It is also pertinent to mention here that someone from the Operator like COO, Chief of Flight Safety, Base Manager and Manager Operations etc. should be following the flight and under such unusual serious conditions, be in a position to give some professional advice to the Captain. In this incident, the pilots were on their own with no help from the Operational Staff of the Operator, ATC or Met.

Lessons Learnt.

Number of valuable lessons can be learnt from this serious incident.

  1. There is a need for thorough planning, preparation of the Flight by the Pilots and they should obtain and be provided latest weather. Pilots should be fully involved in obtaining the current weather and expected changes in weather. Operations Department, Dispatch staff of the Company should be sensitive to the requirement for intimating the pilots about the latest, accurate and expected weather.
  2. All Weather Operations, Monsoon Training should lay emphasis on the aspect of knowledge about the Monsoon Climatology, typical weather phenomenon in different areas and intelligent interpretation of weather. Better the knowledge of the pilots about the weather and its professional interpretation, better will be the situational awareness of the pilots.
  3. It is an established fact that when some Pilots gain experience and seniority, they do not go deep into the analysis of weather and are satisfied with whatever is fed to them by the ATC, Met and Company dispatch, without applying their mind. This tendency need to be curbed and pilots should not take the weather interpretation in a casual manner since most of the accidents around the world occur due to weather.
  4. Monsoon weather along the coast during night is definitely a challenging situation. Calm winds, high humidity, thick of monsoon season and location of runway in Coastal area should be cause of concern to the pilots since these are conducive to adverse weather conditions. Hence, the pilots must pay special attention to the weather, its interpretation and unpredictable changes.
  5. The ATC and Met staff should be sensitised to the need of accurate and timely reporting of the weather and should get fully involved in providing all possible assistance to the pilots under conditions which obtained during the conduct of the flight under discussion.
  6. Situational Awareness (SA) is one of the most critical and important area, particularly, in aviation. Any lack of situational awareness on the part of aircrew can lead to catastrophic consequences.
  7. SA can be enhanced through planning, preparation, having knowledge about the weather,terrain,disorientation,illusions,aircraft,its systems, nav aids, Weather Radar, Flight management system, SOP’s, Check List including Emergency Check List, charts etc. and applying the knowledge intelligently to maintain good situational awareness at all times. Alertness, vigilance and not being complacent at any time during flight are essential to remain Situationally Aware.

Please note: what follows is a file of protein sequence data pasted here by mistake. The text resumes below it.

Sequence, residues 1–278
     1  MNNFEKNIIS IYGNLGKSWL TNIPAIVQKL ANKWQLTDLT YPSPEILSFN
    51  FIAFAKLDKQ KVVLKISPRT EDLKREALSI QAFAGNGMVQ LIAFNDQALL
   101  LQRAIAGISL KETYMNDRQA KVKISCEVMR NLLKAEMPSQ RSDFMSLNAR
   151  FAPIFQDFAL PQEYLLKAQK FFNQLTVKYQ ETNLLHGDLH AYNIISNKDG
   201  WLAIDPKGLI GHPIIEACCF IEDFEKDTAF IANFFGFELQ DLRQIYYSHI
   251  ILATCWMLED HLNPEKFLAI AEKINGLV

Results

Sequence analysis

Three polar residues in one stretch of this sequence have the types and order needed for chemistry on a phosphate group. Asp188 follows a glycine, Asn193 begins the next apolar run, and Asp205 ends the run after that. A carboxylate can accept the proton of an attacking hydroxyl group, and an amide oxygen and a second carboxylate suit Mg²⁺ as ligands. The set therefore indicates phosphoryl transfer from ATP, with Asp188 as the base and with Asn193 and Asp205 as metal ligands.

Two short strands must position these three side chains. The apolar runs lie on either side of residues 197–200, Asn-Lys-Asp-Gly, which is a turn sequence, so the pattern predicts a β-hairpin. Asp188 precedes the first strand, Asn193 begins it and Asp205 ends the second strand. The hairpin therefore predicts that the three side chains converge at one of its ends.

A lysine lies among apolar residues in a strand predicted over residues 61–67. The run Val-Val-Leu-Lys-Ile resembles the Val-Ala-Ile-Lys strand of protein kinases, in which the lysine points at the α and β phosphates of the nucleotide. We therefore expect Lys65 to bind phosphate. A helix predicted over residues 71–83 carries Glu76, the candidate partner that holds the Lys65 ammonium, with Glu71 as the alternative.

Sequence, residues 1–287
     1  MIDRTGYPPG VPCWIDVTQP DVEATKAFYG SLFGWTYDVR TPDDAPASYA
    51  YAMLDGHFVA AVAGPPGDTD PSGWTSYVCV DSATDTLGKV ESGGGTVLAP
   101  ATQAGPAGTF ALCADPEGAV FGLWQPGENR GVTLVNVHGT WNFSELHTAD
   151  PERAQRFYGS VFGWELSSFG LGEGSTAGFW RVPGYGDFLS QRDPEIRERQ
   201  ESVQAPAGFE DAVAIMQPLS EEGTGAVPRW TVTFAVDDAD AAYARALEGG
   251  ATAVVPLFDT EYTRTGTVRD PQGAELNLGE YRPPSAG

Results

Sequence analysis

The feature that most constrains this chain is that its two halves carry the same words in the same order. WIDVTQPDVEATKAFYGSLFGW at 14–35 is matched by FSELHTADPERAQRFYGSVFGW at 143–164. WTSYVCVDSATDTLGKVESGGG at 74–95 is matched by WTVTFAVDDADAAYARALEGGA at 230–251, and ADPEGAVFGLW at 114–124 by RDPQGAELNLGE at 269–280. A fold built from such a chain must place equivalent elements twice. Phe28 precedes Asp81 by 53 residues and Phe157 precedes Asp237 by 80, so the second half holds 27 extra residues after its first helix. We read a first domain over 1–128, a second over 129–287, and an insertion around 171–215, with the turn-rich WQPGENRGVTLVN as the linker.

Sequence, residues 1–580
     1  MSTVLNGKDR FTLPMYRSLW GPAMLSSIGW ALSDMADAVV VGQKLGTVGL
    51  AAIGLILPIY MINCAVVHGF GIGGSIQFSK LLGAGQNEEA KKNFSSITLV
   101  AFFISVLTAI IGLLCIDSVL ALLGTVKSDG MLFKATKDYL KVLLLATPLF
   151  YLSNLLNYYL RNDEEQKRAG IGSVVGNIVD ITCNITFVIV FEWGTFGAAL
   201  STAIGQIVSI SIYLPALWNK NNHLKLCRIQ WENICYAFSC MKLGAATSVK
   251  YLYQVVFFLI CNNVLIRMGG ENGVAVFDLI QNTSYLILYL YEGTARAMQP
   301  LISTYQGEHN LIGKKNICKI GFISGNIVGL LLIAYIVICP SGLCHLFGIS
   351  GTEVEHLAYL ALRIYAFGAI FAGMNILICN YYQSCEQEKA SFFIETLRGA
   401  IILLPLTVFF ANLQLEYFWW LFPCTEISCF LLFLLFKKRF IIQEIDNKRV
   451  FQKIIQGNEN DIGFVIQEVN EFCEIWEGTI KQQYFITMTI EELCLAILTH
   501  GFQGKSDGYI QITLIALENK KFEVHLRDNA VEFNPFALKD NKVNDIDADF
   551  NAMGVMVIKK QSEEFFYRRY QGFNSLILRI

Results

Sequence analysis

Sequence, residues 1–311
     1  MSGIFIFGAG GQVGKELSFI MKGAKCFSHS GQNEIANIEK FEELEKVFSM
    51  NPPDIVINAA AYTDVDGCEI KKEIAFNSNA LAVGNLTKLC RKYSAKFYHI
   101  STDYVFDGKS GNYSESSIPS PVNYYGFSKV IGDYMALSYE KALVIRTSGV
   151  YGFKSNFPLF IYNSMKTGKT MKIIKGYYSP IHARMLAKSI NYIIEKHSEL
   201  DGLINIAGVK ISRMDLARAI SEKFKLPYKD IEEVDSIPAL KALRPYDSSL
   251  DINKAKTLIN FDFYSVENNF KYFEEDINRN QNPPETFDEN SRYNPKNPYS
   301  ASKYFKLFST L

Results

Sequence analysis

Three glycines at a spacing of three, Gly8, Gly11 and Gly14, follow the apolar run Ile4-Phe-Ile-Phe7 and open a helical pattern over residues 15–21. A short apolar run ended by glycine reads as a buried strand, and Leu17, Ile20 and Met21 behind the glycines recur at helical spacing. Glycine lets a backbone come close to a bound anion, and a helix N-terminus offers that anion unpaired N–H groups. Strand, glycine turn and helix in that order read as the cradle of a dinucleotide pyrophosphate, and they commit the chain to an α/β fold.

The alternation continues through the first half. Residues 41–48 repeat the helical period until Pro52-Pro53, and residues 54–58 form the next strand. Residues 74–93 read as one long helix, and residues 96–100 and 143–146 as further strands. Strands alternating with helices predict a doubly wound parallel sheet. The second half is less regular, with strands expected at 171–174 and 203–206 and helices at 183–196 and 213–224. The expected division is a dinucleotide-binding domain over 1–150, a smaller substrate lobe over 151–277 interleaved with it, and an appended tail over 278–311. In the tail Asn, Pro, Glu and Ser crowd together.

8. The Pilots should have taken the weather of Bangalore, Coimbatore and Trivandrum as soon as they came in contact with Cochin or area control. This would have helped them towards an overview of entire weather situation and timely better decision.
  9. It is very important to analyse the situation in a pragmatic manner taking into account the various developments taking place during the flight. When one has been forced to go around due to weather, other aircrafts also have gone around due to same reason and the ATC is also cautioning you about the deterioration of weather, one should not be persisting with making more approaches, hoping to land. Such warnings and deteriorating situation should not be disregarded.
  10. Landing Operations during Window of Circadian Low, in adverse weather conditions, after a long flight, demands high standards of knowledge, preparedness, SA and full alertness.
  11. Pre Flight briefing should cover various aspects related to the flight particularly weather and terrain conditions, diversions and contingency plans in the event of deterioration in weather conditions.
  12. The approach briefing should be carried out in a professional manner. Awareness of risk factors for the approach is an important aspect and must not be ignored.
  13. It is essential to take decision to abandon approach and divert in time. Decision delayed can be dangerous.
  14. The Pilots should be aware of their Company SOP and should not change the alternate airport in flight unless the situation at the first alternate is unsuitable for safe landing. In this particular incident, the Pilot had adequate fuel even after second failed approach at Cochin to divert to Bangalore which had better weather and ILS.
  15. Crew Resource Management Training should lay adequate emphasis on problems associated with Cockpit/Authority Gradient and how to address this serious problem which has led to number of accident/incident. We should get rid of this wrong impression that Captain alone is best judge and he cannot make errors. The inputs from the F/O should not be ignored or taken lightly. It is also essential that the F/O’s are assertive in such situations and Captain should accept such assertiveness, in a sporting manner.